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Literary Writing - Determining your Book Topic
You're a writer or soon-to-be author looking to write your first fiction. Great step. Now let's talk about your book topic.
First off, let's figure out what your story is. What are you trying to convey to your audience? What knowledge are you looking to share? To put it simply, what's your topic? Some will refer to it as subject or purpose, but for the purpose of this article, we will refer to it as topic. To write a great book, it's not enough to have a dialogue in your mind that you're itching to write out into a story. Where is that dialogue leading to? Is there a point to it all, and what is that point? You've got to have a topic in mind before it's broken down to points.
Having a topic is the first step to creating the whole book package, because it's from acknowledging your topic that you're able to determine what makes up other categories of the book such as the following:
- Book cover
Topics can vary from cultural to economical to political, or psychological. Note that topics are not the same as themes. Topics give way to themes, however the two are not the same.
Once you have a topic in mind, you can then craft out a theme. However, you don't necessarily have to have a theme before you begin your first draft. Sometimes, themes are born during the writing process, rather than at the beginning. It all depends on you and your writing style.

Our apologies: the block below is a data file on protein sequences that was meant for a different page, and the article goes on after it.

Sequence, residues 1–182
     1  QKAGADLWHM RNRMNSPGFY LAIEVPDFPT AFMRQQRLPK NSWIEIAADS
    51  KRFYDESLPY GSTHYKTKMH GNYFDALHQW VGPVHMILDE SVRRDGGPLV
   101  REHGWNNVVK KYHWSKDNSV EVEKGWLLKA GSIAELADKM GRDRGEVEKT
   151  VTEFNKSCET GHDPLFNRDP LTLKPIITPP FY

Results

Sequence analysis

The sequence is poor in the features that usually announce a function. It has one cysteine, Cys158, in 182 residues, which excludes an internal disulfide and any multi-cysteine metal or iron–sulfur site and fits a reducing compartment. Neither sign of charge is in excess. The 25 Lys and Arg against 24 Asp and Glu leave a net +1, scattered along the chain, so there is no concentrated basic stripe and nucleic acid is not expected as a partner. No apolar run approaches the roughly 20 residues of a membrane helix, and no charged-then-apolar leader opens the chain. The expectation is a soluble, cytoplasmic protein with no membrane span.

A topic is the general idea of what you're trying to convey through your writing. A theme would be the result of dissecting that topic into bits and taking the core focus of that topic towards something more specific and narrowed down. Your topic has to be about a certain issue or issues, movement, or phenomenon. An example of a topic would be Racism. The theme then would be, say, the prevalence of racism in early 20th century America. Here is another example below:
Theme: Loss of identity/Loss of innocence/Loss of freedom/Loss of individuality
You can see that, as much as the two look similar and could pass as the same thing, the theme is more narrowed down, more zeroed in, whereas the topic is broader, and can refer to a whole number of things. If your topic is on love for example, then your theme should go deeper, explore what it is about love that you're trying to convey to your readers.
Do not begin writing any book without having a topic. As was mentioned earlier, it's okay if you don't have a theme yet, however a topic is essential. Without one, your book is simply words on print - a book without a 'soul', hence, without meaning.
Read the second part of this article -
More Tips on Determining your Book Topic.
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